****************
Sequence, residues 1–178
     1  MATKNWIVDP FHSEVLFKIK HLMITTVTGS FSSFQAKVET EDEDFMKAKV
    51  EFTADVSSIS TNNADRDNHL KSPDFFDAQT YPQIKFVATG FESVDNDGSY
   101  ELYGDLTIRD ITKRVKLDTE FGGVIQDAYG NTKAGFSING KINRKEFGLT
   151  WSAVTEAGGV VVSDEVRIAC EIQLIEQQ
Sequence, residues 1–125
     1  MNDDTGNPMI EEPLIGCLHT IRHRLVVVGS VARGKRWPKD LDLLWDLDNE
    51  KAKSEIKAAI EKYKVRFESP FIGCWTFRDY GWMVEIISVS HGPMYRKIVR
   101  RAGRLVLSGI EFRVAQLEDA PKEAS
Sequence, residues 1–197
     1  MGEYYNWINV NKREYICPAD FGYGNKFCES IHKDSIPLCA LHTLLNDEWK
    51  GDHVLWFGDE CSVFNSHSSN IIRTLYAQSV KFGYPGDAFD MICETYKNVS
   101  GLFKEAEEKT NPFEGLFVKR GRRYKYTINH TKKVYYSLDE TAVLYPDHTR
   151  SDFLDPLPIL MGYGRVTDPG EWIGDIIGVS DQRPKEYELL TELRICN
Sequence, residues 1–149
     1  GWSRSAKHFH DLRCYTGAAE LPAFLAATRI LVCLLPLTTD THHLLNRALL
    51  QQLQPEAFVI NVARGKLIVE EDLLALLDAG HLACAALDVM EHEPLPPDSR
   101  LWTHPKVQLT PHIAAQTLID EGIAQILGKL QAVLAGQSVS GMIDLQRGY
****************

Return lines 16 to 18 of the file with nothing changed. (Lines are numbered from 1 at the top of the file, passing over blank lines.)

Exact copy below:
     1  GWSRSAKHFH DLRCYTGAAE LPAFLAATRI LVCLLPLTTD THHLLNRALL
    51  QQLQPEAFVI NVARGKLIVE EDLLALLDAG HLACAALDVM EHEPLPPDSR
   101  LWTHPKVQLT PHIAAQTLID EGIAQILGKL QAVLAGQSVS GMIDLQRGY